‘Confidential’ council meeting to discuss City of Cape Town corruption allegations

Tender irregularities, disciplinary action against senior staff members and the shutdown of a forensic investigation are expected to be discussed at a special council meeting of the City of Cape Town on Tuesday morning.

In what is being described as an unprecedented move, the city’s DA caucus is believed to have requested the meeting to force the city to reopen investigations into wide-ranging corruption allegations against urban development commissioner Melissa Whitehead.

Whitehead has recently been at the forefront of a series of allegations, including that she employed close friends in senior positions, irregularly benefitted from a Chinese electrical bus tender and favoured a particular bid in the city’s delayed Foreshore project.

Senior sources within the DA caucus told News24 that City of Cape Town manager Achmat Ebrahim and Mayor Patricia de Lille had shut down a forensic investigation into Whitehead.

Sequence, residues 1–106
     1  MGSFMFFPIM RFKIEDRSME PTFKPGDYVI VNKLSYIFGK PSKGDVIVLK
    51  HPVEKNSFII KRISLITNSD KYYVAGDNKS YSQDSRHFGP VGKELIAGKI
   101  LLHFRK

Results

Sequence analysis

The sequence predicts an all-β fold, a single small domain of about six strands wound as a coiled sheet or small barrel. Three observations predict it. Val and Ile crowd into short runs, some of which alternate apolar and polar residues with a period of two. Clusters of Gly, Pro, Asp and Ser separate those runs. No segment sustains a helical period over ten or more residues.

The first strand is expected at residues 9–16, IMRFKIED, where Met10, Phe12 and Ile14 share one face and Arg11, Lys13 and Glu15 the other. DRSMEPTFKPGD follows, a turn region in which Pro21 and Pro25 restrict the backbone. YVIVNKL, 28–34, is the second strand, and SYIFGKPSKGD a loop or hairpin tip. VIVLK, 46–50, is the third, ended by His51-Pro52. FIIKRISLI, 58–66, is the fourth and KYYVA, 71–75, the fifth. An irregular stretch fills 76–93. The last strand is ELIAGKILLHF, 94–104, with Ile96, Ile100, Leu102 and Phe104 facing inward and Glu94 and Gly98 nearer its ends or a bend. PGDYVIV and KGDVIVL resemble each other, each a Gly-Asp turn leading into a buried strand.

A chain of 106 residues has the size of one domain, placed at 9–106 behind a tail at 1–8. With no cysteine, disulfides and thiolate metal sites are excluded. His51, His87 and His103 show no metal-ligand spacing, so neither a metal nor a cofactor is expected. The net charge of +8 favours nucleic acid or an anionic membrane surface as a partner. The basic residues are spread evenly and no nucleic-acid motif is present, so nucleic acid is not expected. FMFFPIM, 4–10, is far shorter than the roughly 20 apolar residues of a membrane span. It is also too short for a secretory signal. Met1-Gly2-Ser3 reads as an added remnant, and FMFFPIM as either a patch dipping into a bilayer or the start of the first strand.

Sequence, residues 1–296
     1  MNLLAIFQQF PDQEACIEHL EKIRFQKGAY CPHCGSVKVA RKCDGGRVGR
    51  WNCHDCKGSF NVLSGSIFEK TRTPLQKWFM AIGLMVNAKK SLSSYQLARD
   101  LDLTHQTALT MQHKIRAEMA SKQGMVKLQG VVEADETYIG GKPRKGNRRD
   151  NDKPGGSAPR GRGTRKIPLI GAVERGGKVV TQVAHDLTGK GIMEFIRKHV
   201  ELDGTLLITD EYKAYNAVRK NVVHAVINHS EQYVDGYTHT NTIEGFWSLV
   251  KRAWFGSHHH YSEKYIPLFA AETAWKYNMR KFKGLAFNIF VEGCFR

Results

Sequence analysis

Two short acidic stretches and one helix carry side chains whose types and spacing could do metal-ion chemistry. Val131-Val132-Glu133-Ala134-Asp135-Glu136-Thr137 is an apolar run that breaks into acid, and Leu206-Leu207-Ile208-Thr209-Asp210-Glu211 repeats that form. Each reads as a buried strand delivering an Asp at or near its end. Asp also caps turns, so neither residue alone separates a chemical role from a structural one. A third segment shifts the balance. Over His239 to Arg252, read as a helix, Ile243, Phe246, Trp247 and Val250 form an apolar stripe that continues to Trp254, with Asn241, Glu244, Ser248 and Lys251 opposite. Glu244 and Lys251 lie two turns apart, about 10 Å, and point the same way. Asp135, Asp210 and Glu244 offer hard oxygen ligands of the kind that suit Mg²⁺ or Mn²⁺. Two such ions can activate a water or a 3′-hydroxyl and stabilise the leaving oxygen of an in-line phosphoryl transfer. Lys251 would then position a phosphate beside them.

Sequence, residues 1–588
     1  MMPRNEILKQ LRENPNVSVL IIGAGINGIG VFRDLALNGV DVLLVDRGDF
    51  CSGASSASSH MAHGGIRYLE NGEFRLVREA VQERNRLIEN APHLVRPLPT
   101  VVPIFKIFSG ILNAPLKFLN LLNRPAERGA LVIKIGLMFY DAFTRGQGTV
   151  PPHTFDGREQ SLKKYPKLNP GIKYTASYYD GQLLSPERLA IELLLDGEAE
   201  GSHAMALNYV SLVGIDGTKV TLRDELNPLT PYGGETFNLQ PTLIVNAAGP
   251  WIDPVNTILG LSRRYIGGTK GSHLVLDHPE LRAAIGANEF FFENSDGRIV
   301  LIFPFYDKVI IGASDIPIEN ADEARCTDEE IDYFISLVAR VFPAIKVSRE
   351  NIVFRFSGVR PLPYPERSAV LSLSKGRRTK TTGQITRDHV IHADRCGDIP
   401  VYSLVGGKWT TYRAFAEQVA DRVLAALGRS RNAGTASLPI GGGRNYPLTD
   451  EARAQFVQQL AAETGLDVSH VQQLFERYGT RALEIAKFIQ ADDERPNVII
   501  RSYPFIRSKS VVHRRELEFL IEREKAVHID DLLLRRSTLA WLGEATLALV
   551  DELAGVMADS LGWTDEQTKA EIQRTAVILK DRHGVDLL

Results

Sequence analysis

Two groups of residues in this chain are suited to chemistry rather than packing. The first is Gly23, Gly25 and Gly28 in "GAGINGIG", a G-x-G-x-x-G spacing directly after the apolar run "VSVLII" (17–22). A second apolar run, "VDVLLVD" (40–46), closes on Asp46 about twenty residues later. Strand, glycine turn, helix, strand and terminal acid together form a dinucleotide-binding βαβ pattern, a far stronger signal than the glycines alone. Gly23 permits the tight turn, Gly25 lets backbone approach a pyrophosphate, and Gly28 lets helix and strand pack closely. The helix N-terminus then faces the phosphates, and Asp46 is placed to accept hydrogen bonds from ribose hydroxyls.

The sources alleged that Ebrahim threatened a forensic official under instruction from De Lille to discontinue the investigation.


The official is said to have been removed from the city’s administration.

Mayoral committee member for transport and urban development Brett Herron is also accused of overlooking Whitehead’s activities despite being her direct superior.

City of Cape Town speaker Dirk Smit was asked about the allegations. He however merely confirmed to News24 that the “confidential” council meeting would take place to discuss the “disciplinary regulations related to senior managers”.

Smit said the meeting was requested by De Lille, but said he could not reveal further details.

The meeting was set to start at 10:00.

DA metro leader Grant Twigg did not deny that the council meeting would discuss the allegations surrounding Whitehead, but said the council meeting was “confidential”.

De Lille’s spokesperson Zara Nicholson failed to respond to detailed questions by the time of publication.

Tuesday’s council meeting marks the latest in a series of controversies surrounding the City of Cape Town and De Lille’s administration.

Council members have accused De Lille of pushing through a centralised decision-making structure with the introduction of the city’s Organisational Development and Transformation Plan.